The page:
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In JoVE (1)
- Recording Multicellular Behavior in Myxococcus xanthus Biofilms using Time-lapse Microcinematography
Other Publications (4)
Articles by Rion G. Taylor in JoVE
Recording Multicellular Behavior in Myxococcus xanthus Biofilms using Time-lapse Microcinematography
Rion G. Taylor1, Roy D. Welch2
1Department of Environmental Health Sciences, University of South Carolina (USC), 2Department of Biology, Syracuse University
Other articles by Rion G. Taylor on PubMed
Nature Biotechnology. Jun, 2005 | Pubmed ID: 15940241
Accurate determination of functional interactions among proteins at the genome level remains a challenge for genomic research. Here we introduce a genome-scale approach to functional protein annotation--phylogenomic mapping--that requires only sequence data, can be applied equally well to both finished and unfinished genomes, and can be extended beyond single genomes to annotate multiple genomes simultaneously. We have developed and applied it to more than 200 sequenced bacterial genomes. Proteins with similar evolutionary histories were grouped together, placed on a three dimensional map and visualized as a topographical landscape. The resulting phylogenomic maps display thousands of proteins clustered in mountains on the basis of coinheritance, a strong indicator of shared function. In addition to systematic computational validation, we have experimentally confirmed the ability of phylogenomic maps to predict both mutant phenotype and gene function in the delta proteobacterium Myxococcus xanthus.
Journal of Bacteriology. Dec, 2007 | Pubmed ID: 17921303
Microcinematography was used to examine fruiting body development of Myxococcus xanthus. Wild-type cells progress through three distinct phases: a quiescent phase with some motility but little aggregation (0 to 8 h), a period of vigorous motility leading to raised fruiting bodies (8 to 16 h), and a period of maturation during which sporulation is initiated (16 to 48 h). Fruiting bodies are extended vertically in a series of tiers, each involving the addition of a cell monolayer on top of the uppermost layer. A pilA (MXAN_5783) mutant produced less extracellular matrix material and thus allowed closer examination of tiered aggregate formation. A csgA (MXAN_1294) mutant exhibited no quiescent phase, aberrant aggregation in phase 2, and disintegration of the fruiting bodies in the third phase.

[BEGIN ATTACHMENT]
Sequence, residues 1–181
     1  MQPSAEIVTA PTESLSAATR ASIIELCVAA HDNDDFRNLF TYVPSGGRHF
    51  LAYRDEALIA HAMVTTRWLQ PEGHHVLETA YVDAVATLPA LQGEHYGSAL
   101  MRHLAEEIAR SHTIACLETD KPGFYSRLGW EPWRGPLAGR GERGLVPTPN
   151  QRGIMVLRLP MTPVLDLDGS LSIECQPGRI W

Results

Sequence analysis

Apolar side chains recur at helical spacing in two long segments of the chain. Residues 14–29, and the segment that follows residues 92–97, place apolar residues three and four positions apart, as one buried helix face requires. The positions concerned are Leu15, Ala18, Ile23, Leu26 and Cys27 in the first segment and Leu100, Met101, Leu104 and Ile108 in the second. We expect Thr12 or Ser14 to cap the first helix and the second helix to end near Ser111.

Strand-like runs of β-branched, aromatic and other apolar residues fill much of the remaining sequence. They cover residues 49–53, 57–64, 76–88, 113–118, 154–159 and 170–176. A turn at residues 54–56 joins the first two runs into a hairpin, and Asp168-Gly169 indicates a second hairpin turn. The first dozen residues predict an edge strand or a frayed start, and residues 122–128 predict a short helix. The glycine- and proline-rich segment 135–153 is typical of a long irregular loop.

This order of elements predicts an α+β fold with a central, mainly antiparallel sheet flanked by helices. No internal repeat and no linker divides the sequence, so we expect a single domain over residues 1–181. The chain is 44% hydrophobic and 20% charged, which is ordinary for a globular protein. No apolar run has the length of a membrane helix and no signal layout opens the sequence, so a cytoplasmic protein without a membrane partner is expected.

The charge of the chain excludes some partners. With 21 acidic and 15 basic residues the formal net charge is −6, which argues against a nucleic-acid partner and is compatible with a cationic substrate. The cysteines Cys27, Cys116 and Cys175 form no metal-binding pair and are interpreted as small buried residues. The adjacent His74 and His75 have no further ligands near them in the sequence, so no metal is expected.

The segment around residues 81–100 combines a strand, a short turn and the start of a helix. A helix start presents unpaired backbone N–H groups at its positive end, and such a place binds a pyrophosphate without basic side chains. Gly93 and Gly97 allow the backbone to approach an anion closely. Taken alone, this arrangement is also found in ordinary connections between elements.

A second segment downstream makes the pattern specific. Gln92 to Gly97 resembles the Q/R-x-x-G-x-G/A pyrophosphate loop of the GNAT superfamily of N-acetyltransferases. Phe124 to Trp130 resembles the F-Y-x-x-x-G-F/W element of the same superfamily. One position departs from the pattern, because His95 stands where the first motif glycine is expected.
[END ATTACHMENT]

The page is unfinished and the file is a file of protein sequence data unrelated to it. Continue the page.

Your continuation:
Biotechnology & Genetic Engineering Reviews. 2007 | Pubmed ID: 18059635
Journal of Bacteriology. Oct, 2008 | Pubmed ID: 18723623
We have characterized and quantified a form of bacterial chemotaxis that manifests only as an emergent property by measuring symmetry breaking in a swarm of Myxococcus xanthus exposed to a two-dimensional nutrient gradient from within an agar substrate. M. xanthus chemotaxis requires cell-cell contact and coordinated motility, as individual motile cells exhibit only nonvectorial movement in the presence of a nutrient gradient. Genes that specifically affect M. xanthus chemotaxis include at least 10 of the 53 that express enhancer binding proteins of the NtrC-like class, an indication that this behavior is controlled through transcription, most likely by a complex signal transduction network.